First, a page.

Alverna Babbs challenged the Civil Aeronautics Administration in 1944 for a waiver to earn her student pilot’s license. The CAA was reluctant due to Babb’s disability—a double leg amputation at the age of 13 months. With her own persistence and the assistance of Roscoe Turner, Babbs earned her waiver and her full pilot’s license in 1946, the first person with a disability to do so (as documented in the previous blog in this series celebrating the 30th anniversary of the Americans with Disabilities Act). After remarrying and having children, Alverna Williams took a 30 year hiatus from flying. She returned to aviation in the 1970s, determined once again to take her place in the sky.
Thirty years ago, on July 26, 1990, the Americans with Disabilities Act came into effect. This important civil rights law prohibits discrimination against individuals with disabilities in all areas of public life, including jobs, schools, transportation, and all public and private places that are open to the general public. Forty-six years earlier, without the protection of law and its accommodations, Alverna Babbs, who had lost both legs as a child, fought to receive a waiver for her student license. When she succeeded, she became the first American pilot with disabilities to earn a pilot’s license.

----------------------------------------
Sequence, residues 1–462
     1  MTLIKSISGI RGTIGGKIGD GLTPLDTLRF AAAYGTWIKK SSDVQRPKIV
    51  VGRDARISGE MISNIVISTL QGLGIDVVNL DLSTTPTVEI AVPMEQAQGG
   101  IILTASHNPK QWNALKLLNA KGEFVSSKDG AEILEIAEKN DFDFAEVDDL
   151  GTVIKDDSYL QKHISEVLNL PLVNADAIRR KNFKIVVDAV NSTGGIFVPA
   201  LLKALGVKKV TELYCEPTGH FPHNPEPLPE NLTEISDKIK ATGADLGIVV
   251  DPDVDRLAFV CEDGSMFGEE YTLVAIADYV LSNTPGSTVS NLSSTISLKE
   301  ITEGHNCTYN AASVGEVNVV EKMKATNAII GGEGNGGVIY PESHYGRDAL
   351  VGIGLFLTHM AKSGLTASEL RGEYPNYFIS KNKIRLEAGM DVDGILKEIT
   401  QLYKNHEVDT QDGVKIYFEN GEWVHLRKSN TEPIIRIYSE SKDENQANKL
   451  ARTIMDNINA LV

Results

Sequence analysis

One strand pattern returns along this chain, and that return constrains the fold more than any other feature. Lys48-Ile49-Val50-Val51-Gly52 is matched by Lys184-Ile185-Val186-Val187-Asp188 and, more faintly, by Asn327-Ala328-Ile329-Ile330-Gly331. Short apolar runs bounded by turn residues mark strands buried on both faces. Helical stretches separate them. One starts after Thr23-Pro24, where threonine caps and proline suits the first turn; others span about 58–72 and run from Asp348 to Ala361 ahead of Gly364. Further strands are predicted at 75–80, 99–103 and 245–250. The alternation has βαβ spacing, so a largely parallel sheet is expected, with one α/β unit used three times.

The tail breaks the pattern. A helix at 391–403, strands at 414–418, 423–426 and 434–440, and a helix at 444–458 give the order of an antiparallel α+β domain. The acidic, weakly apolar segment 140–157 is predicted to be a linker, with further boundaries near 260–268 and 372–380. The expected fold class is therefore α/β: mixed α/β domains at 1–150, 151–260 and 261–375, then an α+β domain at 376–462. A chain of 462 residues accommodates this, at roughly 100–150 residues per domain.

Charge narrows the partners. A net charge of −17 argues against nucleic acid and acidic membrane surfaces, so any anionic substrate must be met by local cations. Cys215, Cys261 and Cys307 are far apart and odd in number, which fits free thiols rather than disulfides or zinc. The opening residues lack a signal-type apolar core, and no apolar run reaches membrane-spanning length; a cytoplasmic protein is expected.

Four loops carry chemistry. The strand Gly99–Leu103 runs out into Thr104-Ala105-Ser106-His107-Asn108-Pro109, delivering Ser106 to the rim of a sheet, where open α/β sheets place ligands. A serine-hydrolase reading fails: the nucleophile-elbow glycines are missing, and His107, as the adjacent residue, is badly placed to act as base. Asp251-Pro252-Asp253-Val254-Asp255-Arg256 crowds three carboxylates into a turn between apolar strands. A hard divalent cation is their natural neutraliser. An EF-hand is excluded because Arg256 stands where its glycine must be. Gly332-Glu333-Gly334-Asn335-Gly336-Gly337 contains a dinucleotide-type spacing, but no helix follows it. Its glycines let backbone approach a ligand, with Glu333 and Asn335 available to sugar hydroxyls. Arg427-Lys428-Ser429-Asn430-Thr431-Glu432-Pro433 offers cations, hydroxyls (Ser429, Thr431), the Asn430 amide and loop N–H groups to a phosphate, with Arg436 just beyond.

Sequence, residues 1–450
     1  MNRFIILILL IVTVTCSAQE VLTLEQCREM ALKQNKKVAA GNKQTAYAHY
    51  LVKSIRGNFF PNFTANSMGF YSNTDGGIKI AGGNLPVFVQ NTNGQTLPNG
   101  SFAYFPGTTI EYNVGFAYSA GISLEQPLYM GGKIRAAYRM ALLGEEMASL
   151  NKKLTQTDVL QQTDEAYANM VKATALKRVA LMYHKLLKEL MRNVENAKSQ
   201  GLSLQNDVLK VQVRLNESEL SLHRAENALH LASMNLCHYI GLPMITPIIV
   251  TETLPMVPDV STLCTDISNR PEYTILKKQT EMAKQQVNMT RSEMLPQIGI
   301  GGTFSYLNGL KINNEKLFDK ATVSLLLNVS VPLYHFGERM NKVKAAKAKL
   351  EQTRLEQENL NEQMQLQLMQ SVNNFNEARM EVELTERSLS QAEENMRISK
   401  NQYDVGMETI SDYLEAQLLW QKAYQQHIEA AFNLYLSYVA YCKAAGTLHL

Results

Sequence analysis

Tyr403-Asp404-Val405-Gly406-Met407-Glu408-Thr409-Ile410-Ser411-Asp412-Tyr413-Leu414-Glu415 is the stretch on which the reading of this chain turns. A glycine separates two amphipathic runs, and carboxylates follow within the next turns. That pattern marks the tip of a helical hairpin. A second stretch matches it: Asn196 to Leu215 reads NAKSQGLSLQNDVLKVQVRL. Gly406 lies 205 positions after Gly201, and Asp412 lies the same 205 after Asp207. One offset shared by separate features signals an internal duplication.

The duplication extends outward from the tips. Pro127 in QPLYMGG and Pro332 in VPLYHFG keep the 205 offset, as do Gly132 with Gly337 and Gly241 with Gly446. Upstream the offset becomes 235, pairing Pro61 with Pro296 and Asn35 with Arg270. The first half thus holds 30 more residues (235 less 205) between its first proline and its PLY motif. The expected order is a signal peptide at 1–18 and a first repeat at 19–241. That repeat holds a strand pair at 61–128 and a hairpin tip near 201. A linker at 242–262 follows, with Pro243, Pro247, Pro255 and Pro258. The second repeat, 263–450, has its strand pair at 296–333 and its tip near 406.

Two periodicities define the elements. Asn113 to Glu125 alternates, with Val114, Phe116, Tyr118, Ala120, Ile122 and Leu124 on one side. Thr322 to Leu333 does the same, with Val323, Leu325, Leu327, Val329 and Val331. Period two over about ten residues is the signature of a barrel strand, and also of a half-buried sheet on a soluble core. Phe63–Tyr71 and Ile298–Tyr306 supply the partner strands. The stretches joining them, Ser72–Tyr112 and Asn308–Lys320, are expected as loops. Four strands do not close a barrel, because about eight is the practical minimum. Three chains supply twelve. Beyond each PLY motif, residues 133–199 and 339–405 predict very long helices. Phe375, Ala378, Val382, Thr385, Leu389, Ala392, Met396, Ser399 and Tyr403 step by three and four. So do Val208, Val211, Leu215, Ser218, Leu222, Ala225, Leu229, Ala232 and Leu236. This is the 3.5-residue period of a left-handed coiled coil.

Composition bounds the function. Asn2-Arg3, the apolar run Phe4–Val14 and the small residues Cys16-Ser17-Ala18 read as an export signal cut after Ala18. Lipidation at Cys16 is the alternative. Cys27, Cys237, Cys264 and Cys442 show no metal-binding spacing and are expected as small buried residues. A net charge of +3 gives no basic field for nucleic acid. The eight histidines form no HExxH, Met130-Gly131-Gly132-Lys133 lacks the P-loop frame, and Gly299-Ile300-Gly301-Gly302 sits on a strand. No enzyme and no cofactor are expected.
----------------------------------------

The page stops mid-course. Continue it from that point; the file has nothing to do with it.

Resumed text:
The Tuskegee Airmen’s fight for equality involved more than their skills in the air. It required coordinated, collective actions of civil disobedience in which 162 officers risked their careers and their lives to stand up against systemic racism in the US Army Air Forces (AAF).
Aline “Pat” Rhonie made a perfect three-point landing in her 125 hp Luscombe Phantom when she touched down in Manchester, New Hampshire, on June 6, 1940. Owned by Rhonie, the plane was a Warner-powered, high-wing, two-seat cabin monoplane that she flew as the American Liaison for the French Aero Club. Rhonie piloted civilian and military aircraft throughout the United States as an American aviatrix and eventual member of the Women’s Auxiliary Ferrying Squadron, yet her mission traversed international borders to support the Allied cause.
As the summer comes to an end, it’s time for many to go back to school. Most students have mixed feelings of excitement and trepidation at the thought of returning. Imagine how the students at the earliest aviation schools felt!
Before Neil Armstrong walked on the Moon and before he flew on Gemini 8, he was a NASA test pilot. Noted for his engineering excellence and technical capability as a pilot, Armstrong became one of only 12 pilots to fly the ultimate experimental aircraft – the North American X-15.